- #1

rshalloo

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## Homework Statement

Find the potential difference between two oppositely charged, infinite cylinders of radii R whose axes lie at $$y =+\frac{d}{2}$$ and $$y = -\frac{d}{2}$$ They have surface charge densities of magnitude $$\sigma$$

## Homework Equations

The family favourite - Gauss' Law:

$$\int \textbf{E.da} = \frac{q_{encl}}{\epsilon_{0}}$$

and of course how could we forget

$$V = -\int \textbf{E.dl}$$

## The Attempt at a Solution

Using gauss' law and a cylindrical gaussian surface I obtained an electric field for a single infinite cylinder located at the origin to be:

$$\textbf{E} =\frac{\sigma R}{\epsilon_{0} r}\hat{\textbf{r}}$$

I now use this to find the E-field on the line connecting the centers of the cylinders only. Obviously I am also confining my region further to exclude the radii of the cylinders. So my range of applicability is $$[-\frac{d}{2}+R,+\frac{d}{2}-R]$$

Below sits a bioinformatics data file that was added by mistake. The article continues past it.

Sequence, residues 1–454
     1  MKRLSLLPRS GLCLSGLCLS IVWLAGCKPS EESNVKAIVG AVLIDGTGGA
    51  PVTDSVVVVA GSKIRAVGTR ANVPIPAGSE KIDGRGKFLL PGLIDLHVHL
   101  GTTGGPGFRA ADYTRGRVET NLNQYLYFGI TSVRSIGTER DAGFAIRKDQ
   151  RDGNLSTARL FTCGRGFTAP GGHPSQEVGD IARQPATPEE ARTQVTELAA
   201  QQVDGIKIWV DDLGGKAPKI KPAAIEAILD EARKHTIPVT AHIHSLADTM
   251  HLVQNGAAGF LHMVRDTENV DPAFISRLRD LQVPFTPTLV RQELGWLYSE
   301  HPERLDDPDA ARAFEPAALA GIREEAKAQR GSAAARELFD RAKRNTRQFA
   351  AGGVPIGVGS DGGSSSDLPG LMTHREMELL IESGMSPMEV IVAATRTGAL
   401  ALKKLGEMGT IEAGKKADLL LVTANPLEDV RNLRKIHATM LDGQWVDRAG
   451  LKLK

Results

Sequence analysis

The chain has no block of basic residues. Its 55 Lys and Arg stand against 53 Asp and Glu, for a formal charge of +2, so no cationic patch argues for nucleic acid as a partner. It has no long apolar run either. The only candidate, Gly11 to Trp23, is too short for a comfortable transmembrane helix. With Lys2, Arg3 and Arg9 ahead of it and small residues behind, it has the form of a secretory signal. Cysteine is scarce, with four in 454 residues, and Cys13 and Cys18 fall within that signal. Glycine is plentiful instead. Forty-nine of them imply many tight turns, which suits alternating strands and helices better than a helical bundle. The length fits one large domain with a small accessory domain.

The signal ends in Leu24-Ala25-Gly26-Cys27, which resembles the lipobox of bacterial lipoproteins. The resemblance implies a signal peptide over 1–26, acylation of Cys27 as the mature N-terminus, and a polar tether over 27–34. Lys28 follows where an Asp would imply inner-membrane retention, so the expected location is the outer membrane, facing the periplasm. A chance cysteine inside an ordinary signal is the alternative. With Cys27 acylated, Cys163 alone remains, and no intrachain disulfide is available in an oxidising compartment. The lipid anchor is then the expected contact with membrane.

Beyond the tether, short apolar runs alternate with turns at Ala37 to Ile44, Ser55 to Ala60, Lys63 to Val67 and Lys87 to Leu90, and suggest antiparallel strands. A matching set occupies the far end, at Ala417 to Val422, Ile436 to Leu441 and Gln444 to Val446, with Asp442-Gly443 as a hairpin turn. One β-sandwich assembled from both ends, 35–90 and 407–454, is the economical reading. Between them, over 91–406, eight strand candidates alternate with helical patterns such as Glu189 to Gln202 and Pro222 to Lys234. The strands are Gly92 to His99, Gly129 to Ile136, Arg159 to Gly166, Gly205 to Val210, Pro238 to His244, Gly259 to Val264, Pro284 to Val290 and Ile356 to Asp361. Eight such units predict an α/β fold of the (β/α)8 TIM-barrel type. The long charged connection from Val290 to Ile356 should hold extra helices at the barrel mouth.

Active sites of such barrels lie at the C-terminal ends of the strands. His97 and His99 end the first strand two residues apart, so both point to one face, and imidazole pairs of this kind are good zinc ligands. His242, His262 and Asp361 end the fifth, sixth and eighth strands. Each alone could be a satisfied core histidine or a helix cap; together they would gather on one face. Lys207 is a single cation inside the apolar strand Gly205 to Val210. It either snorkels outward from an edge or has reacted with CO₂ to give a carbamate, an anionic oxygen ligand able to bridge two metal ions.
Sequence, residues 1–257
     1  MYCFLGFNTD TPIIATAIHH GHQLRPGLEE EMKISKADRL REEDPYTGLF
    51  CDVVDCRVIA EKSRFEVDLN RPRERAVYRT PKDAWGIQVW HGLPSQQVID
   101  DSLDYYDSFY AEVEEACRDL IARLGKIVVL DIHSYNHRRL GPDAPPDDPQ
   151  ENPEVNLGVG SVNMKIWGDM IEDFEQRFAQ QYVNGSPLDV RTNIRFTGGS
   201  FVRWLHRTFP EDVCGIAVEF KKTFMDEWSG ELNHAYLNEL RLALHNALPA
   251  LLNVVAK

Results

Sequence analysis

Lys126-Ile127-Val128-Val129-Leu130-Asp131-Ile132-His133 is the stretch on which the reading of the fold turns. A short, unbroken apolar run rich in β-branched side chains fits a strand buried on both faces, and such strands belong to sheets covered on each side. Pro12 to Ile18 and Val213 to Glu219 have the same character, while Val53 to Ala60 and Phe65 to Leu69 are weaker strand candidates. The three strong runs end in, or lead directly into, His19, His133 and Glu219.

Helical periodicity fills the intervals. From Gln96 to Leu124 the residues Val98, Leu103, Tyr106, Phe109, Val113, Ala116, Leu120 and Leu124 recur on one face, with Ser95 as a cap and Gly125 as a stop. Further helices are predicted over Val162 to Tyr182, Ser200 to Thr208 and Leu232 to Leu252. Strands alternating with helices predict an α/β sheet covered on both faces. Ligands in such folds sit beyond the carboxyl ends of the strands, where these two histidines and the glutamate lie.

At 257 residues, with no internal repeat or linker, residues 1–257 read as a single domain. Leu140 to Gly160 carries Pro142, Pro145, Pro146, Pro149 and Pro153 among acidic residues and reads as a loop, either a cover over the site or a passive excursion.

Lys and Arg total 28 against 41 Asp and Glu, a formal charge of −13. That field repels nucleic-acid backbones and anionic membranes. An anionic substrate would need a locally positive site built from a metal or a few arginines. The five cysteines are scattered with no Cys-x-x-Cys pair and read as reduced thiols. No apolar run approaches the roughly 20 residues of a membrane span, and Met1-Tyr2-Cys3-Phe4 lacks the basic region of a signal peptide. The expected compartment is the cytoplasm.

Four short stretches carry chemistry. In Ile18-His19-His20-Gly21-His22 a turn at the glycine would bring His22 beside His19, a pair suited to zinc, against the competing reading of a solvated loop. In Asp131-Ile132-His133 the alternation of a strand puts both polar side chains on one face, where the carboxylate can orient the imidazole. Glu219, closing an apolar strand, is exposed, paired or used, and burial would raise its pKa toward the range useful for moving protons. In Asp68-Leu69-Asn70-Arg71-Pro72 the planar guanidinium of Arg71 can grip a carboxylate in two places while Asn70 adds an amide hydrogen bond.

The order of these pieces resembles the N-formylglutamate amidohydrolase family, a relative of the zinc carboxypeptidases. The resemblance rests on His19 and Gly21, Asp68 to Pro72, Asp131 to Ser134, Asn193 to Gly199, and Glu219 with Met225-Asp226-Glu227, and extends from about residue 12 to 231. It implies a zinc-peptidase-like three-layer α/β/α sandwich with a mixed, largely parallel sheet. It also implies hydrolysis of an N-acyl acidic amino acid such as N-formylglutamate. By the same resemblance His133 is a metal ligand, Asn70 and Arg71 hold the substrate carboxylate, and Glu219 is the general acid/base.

So placing the positive cylinder in the lower half of the plane I get:

$$\textbf{E_{+}} = \frac{\sigma R}{\epsilon_{0} (y+d/2)}\hat{\textbf{y}}$$

and placing the negative sphere in the upper half of the plane I get:

$$\textbf{E_{-}} = \frac{\sigma R}{\epsilon_{0} (d/2-y)}\hat{\textbf{y}}$$

Using superposition the total field is simply the sum of these.

I then use the formula for the potential listed above and use the integration limits:

$$[-\frac{d}{2}+R,s]$$

that is finding the potential difference assuming zero potential at the lower sphere. s is my variable height

I get the following answer but it doesn't match the solution.

$$V = -\frac{\sigma R}{\epsilon}ln\left (\frac{(s+d/2)(d-R)}{(d/2-s)(R)}\right )$$

Is my reasoning correct or have I made a fundamental error somewhere?

Thanks in advance for your help!